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by SUMAN TARAFDAR, Source: Financial Express (India), July 23, 2006, The Buddhist Channel, Aug 3, 2006
A special section in the 8th Osian’s Cinefan brings together some of the oldest films on the ‘Middle Path’
New Delhi, India -- Even as most religions across the globe lose their sheen, getting embroiled and linked with definitely non-religious ideas and activities, Buddhism manages to maintain a certain charm, a mystique that continues to attract people.
While the West has been enamoured of various forms of Buddhism for a while now, the 8th Osian’s Cinefan festival in Delhi primarily showcased a dozen odd-films, largely from Asia in a section called ‘The Middle Path’.
Of these, two were made in the past year — Sudipto Sen’s The Last Monk and the joint Bhutan-US production, Milarepa by Neten Chokling. “It feels great to be part of a section that has names like Bernardo Bertolucci and Conrad Rooks,” gushes Sen. Both Bertolucci and Rooks’ films, Little Buddha (1993) and the Shashi Kapoor-Simi Garewal-starrer Siddhartha (1972) were included in the package, giving fans a rare opportunity to see these cult films on big screen.
“This is the 2,550th birth anniversary of the Buddha, which makes it very relevant,” says Latika Padgaonkar, in charge of programming at the festival. “Even as the government plans a number of activities around the theme, this was also an opportunity for us to get these films together,” she adds.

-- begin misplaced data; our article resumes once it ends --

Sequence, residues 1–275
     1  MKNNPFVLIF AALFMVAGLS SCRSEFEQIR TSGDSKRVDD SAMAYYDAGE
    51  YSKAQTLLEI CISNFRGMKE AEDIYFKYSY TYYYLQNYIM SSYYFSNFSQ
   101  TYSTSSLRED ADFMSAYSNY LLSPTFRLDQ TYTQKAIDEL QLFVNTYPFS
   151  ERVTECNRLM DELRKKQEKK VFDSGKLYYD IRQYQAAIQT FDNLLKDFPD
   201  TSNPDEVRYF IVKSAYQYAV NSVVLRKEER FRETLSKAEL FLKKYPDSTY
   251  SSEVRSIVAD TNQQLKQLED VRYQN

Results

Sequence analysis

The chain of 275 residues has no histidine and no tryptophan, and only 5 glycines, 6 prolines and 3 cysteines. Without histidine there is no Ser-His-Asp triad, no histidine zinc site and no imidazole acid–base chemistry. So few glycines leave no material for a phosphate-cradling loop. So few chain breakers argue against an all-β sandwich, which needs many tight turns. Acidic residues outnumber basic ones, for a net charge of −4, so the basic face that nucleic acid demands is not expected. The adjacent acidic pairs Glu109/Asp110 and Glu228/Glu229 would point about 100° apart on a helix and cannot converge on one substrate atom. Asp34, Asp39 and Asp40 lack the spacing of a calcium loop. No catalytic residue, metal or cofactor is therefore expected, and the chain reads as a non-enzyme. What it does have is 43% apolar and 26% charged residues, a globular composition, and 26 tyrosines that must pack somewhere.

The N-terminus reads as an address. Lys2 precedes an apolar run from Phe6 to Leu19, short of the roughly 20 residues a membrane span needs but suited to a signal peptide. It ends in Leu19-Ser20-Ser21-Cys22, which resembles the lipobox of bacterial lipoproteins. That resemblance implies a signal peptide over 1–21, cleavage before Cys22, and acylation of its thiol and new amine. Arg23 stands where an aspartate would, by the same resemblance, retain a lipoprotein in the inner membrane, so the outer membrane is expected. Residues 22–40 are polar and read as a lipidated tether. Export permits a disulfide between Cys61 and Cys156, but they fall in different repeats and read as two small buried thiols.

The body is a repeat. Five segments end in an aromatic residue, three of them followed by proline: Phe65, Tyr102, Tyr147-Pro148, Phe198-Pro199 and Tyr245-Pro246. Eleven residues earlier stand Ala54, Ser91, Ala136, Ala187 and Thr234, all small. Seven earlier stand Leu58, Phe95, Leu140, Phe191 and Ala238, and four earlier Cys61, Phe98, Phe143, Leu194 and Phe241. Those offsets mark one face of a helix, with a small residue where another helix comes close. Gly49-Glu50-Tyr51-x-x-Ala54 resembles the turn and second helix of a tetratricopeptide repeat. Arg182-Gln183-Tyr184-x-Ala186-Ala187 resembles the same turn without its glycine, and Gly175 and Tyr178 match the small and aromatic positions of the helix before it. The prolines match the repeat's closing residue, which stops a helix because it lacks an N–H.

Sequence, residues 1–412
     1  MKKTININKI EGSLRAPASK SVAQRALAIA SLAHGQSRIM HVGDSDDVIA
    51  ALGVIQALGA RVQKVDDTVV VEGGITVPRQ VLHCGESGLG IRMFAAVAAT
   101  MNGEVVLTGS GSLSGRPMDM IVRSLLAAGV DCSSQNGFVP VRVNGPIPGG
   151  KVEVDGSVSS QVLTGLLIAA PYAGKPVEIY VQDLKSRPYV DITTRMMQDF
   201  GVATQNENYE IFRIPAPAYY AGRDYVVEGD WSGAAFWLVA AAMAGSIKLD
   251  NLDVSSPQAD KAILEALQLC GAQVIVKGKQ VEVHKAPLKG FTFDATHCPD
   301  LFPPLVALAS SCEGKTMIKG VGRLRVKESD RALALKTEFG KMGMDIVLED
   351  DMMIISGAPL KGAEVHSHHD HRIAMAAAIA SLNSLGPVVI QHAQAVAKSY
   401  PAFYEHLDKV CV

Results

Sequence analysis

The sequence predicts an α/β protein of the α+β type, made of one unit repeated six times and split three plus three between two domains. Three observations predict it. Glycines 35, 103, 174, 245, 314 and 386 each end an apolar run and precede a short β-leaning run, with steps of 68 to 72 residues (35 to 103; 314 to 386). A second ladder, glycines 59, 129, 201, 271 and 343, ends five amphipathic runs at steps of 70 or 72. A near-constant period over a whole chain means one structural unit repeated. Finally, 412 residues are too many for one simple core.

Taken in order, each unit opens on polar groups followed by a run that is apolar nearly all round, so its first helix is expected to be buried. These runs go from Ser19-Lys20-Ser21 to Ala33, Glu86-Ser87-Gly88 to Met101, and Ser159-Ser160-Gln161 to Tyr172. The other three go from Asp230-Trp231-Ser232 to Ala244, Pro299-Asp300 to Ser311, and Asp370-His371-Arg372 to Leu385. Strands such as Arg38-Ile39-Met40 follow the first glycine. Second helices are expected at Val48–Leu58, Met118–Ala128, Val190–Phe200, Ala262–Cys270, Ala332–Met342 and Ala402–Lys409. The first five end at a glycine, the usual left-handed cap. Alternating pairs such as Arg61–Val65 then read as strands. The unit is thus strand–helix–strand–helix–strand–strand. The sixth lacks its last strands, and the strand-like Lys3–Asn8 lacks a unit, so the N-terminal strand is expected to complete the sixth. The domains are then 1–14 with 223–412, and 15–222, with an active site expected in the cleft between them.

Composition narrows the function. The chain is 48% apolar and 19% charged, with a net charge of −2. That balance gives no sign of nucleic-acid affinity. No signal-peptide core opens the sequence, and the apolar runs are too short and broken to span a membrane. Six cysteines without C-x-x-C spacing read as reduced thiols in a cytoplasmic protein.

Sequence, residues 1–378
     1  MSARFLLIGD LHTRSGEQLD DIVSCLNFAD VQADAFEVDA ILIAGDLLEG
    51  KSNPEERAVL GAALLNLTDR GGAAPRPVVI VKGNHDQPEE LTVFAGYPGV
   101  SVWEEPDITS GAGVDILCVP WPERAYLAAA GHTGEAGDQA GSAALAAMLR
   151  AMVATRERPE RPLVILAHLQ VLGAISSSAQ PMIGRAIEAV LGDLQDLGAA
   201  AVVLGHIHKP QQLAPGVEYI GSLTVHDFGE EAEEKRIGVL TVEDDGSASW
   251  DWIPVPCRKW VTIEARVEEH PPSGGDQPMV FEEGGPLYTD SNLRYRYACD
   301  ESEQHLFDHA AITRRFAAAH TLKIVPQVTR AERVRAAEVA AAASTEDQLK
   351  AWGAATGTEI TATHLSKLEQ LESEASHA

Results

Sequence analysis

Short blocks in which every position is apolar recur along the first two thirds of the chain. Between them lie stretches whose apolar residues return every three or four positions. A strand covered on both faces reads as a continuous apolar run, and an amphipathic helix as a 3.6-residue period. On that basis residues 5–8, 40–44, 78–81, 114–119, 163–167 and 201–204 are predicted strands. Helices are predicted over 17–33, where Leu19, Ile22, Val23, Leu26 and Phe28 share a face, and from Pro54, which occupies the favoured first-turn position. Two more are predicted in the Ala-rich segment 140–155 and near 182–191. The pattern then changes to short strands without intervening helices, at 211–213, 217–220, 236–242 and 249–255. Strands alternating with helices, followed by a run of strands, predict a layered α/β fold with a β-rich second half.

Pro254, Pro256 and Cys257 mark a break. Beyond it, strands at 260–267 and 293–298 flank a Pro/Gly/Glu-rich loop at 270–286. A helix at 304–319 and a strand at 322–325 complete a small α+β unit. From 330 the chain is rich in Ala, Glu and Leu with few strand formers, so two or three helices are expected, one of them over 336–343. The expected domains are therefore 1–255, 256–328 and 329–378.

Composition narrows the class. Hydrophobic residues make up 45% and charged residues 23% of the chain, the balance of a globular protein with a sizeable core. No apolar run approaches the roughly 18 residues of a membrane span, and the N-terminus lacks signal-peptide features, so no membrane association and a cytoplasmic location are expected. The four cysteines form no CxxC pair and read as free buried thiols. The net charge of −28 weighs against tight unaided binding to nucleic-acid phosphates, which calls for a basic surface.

Adoor Gopalakrishnan, on the jury of the Asian Competition section, agreed that having a special section on Buddhist film made a lot of sense. “Besides the anniversary, the films are also about the interpretations of the ways of living,” he says.
But what is it that makes Buddhism so acceptable to be included as a separate section for a film festival, whereas any such attempt for other contemporary religions would have raised many eyebrows in different quarters.
Aditya Bhattacharya, whose film Dubai Returned was screened at the festival, feels this is because Buddhism is perceived as a rather “fringe’ non-threatening religion”. Says he:
“One of the toughest tasks before festival organisers today is to create relevant sections, and Buddhism fits the bill wonderfully.”
Mita Vashisht, a member of the jury in 2005 and attending Cinefan as audience this year, too is ecstatic about the overall package of films in this edition, especially the section on Buddhism. “There is something fundamental about Buddhism, and Asia is the right place to be showing these films,” she says.
Mysticism is another element that attracted a filmmaker like Sen. “Sexuality beyond physicality is what we show in our film,” he says. Sen shot on location in Ladakh.
The films in the festival include various other classics as well, including the vintage 1925 Franz Osten film, The Light of Asia. “It was a fascinating experience to see one of oldest surviving Indian films,” Mukta Sharma, a film student, said after the screening.
Agrees Sunil Kwatra, a film editor, who is looking forward to rounding-off his treat with Siddhartha’s screening today. This is one section the audience are sure to miss in future editions of the festival.